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Free college programs sound great, but do they work?

"I never really dreamed of going to college"
"I guess I never really dreamed of going to college" 01:57

With student debt expected to top $1 trillion this year, no wonder the movement to make college free for students is gaining momentum even though some experts question the programs' effectiveness. And with the coming midterm elections, candidates are adding to the calls for more of these programs.

Nearly a dozen Democratic candidates for governor have vowed to enact a free college plan, and it has become an issue in many Congressional campaigns, according to Inside Higher Ed. Eight sitting governors have mentioned the programs in their state of the state addresses, though developments vary by state.

In New Jersey, Democratic Gov. Phil Murphy was forced to scale back his "free community college" plan after the legislature wouldn't fund it at the level he sought. Instead, the program will run as a pilot starting next year.

Maryland Republican Gov. Larry Hogan, who's up for reelection, wants to expand to four-year colleges Maryland's Guaranteed Access Program, which made community colleges tuition-free for eligible students. It would be the second state to do so behind New York. 

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Free college programs, however, have their limits. For one thing, tuition makes up only 20 percent of the cost of attending a two-year public college and living off-campus. States like Oklahoma and Louisiana provide aid dollars in excess of tuition directly to students to use for other costs such as room and board and transportation, but many others don't. 

Nine of the 15 existing free college programs and 10 of the 16 proposed plans kick in only after a student has exhausted other potential funding sources such as Pell Grants, limiting the numbers of students who would potentially benefit from them.

"Clearly, states are faced with difficult choices," an Education Trust report said. "One appeal of free college may be that middle-income families deeply concerned about the cost of college can receive tuition assistance. At the same time, it may be challenging given limited state resources for free college to both cover tuition for all and more than tuition for low-income students." 

Another question concerns the programs' effectiveness, and the answer isn't clear. A Brookings Institution study of a program in Milwaukee in which randomly selected students received $12,000 in college funding found its impact was muted.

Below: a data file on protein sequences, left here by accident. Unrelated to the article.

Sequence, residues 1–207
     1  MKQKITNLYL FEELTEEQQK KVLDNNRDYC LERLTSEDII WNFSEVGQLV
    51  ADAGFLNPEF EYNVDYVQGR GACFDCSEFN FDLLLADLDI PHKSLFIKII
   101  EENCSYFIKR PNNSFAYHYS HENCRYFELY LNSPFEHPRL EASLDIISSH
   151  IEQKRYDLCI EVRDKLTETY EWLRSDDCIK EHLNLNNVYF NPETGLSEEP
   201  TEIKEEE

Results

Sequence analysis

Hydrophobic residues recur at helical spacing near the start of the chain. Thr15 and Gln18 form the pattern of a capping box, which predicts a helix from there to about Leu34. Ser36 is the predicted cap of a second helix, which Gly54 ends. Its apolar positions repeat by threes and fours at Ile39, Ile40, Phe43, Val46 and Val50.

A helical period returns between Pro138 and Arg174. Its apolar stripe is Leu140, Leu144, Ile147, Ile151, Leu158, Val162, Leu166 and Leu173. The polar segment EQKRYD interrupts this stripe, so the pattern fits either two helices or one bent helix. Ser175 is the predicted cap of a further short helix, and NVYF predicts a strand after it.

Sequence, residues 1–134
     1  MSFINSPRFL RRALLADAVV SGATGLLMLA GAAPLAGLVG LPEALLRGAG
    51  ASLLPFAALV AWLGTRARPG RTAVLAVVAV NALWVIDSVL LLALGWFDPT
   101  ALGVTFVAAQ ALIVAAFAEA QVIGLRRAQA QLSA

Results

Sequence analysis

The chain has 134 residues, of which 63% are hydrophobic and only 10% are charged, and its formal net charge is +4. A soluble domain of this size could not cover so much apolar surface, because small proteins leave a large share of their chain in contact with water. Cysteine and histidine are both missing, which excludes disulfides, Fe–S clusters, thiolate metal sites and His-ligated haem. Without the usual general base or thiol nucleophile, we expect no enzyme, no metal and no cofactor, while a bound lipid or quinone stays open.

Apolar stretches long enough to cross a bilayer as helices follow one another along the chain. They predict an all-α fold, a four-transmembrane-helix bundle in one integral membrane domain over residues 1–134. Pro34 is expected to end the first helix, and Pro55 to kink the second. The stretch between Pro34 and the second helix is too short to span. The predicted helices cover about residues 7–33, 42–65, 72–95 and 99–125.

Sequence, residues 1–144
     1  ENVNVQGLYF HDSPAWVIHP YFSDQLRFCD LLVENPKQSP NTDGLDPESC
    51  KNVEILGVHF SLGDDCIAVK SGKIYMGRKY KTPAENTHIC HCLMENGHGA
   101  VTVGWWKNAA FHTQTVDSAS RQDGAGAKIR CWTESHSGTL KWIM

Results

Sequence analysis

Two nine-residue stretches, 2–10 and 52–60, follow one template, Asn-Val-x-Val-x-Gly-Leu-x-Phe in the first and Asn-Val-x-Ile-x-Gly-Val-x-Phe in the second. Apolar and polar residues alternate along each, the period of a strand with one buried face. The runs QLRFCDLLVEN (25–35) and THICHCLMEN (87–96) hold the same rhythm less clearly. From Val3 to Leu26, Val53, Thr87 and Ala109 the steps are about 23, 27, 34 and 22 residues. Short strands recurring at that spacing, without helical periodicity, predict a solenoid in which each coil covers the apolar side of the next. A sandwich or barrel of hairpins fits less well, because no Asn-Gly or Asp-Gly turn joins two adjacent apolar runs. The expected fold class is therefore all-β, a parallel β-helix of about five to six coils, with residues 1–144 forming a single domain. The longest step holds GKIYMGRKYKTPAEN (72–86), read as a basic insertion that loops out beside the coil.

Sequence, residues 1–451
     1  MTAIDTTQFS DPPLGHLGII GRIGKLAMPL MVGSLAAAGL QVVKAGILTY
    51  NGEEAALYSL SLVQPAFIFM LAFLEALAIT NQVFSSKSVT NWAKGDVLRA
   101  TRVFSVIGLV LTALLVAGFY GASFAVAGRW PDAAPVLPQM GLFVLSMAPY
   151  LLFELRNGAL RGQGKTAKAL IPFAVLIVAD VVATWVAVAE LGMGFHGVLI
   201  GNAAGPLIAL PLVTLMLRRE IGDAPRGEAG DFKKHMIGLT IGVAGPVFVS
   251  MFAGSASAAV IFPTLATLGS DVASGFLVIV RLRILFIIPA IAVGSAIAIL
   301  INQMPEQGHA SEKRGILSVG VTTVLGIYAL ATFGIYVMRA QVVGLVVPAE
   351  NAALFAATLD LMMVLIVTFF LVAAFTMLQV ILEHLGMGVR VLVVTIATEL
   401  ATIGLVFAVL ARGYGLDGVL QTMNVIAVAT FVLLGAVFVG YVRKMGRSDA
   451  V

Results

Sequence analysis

"We are continuing to track these effects; however, it seems clear at this point that many of the potential benefits, during and just after high school, did not emerge," the think tank said, adding that the program was poorly designed.

As the Center for Budget and Policy Priorities noted, state spending on public colleges and universities remains below historic levels. States have made up the funding shortfalls by hiking tuition and cutting instruction, rendering higher education increasingly unaffordable for many middle class families.

"As college becomes more and more unaffordable, low-income students are less likely to attend than their peers, and a growing number of students are forced to rely on student loans to cover the cost of attendance," the Education Trust report said. 

Still, free college plans have plenty of supporters.

Investing in students through free tuition will reap dividends for years for the communities where they live since they "tend to stay, get better jobs and buy homes," said Martha Parham, a spokeswoman for the American Association of Community Colleges.

Earlier this year, Senator Brian Schatz, D-Hawaii, introduced a bill that would cover the "full cost of attendance" at college, which builds on a proposal from Senator Bernie Sanders, I-Vermont, who made "free college" a central plank of his presidential campaign. Three senators who are potential 2020 Democratic contenders -- Kamala Harris of California, Elizabeth Warren of Massachusetts and Cory Booker of New Jersey -- are co-sponsors of the Schatz bill, which would cost $84 billion in the first year, according to Inside Higher Ed.

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